JOURNAL ARTICLE

Efficacy of an alcohol/chlorhexidine hand hygiene program in a hospital with high rates of nosocomial methicillin-resistant Staphylococcus aureus (MRSA) infection

Paul D R Johnson, Rhea Martin, Laurelle J Burrell, Elizabeth A Grabsch, Susan W Kirsa, Jason O'Keeffe, Barrie C Mayall, Deidre Edmonds, Wendy Barr, Christopher Bolger, Humsha Naidoo, M Lindsay Grayson
Medical Journal of Australia 2005 November 21, 183 (10): 509-14
16296963

OBJECTIVE: To assess the effect of a multifaceted hand hygiene culture-change program on health care worker behaviour, and to reduce the burden of nosocomial methicillin-resistant Staphylococcus aureus (MRSA) infections.

DESIGN AND SETTING: Timetabled introduction of interventions (alcohol/chlorhexidine hand hygiene solution [ACHRS], improved cleaning of shared ward equipment, targeted patient decolonisation, comprehensive "culture change" package) to five clinical areas of a large university teaching hospital that had high levels of MRSA.

MAIN OUTCOME MEASURES: Health care worker hand hygiene compliance; volume of ACHRS used; prevalence of patient and health care worker MRSA colonisation; environmental MRSA contamination; rates of clinical MRSA infection; and rates of laboratory detection of ESBL-producing Escherichia coli and Klebsiella spp.

RESULTS: In study wards, health care worker hand hygiene compliance improved from a pre-intervention mean of 21% (95% CI, 20.3%-22.9%) to 42% (95% CI, 40.2%-43.8%) 12 months post-intervention (P < 0.001). ACHRS use increased from 5.7 to 28.6 L/1000 bed-days. No change was observed in patient MRSA colonisation or environmental colonisation/contamination, and, except in the intensive care unit, colonisation of health care workers was unchanged. Thirty-six months post-intervention, there had been significant reductions in hospital-wide rates of total clinical MRSA isolates (40% reduction; P < 0.001), patient-episodes of MRSA bacteraemia (57% reduction; P = 0.01), and clinical isolates of ESBL-producing E. coli and Klebsiella spp (90% reduction; P < 0.001).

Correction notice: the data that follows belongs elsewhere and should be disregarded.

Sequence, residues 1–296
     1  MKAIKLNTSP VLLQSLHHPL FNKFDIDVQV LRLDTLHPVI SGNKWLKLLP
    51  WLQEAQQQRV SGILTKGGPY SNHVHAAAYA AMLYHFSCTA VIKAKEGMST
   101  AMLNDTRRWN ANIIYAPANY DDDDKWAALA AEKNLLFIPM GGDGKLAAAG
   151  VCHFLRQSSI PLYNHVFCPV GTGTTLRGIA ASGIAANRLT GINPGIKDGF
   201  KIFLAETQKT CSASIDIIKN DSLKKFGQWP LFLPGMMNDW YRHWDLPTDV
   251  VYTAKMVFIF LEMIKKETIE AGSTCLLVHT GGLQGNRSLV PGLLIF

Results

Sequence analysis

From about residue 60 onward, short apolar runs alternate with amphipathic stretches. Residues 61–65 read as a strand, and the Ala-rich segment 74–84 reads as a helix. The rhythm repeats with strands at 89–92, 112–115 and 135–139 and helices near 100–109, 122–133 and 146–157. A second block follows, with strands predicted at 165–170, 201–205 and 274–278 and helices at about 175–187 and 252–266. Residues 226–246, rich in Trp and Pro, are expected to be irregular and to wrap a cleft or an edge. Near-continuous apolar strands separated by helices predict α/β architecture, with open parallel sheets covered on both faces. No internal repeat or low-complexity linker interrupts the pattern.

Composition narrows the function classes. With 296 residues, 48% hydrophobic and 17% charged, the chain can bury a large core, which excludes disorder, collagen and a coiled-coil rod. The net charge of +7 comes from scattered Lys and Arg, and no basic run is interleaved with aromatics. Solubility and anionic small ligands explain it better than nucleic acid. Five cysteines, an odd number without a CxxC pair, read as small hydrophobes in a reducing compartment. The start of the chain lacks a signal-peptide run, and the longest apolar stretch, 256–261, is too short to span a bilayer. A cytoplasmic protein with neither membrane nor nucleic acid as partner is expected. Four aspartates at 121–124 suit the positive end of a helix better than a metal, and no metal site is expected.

CONCLUSIONS: Introduction of ACHRS and a detailed culture-change program was effective in improving hand hygiene compliance and reducing nosocomial MRSA infections, despite high-level MRSA endemicity.

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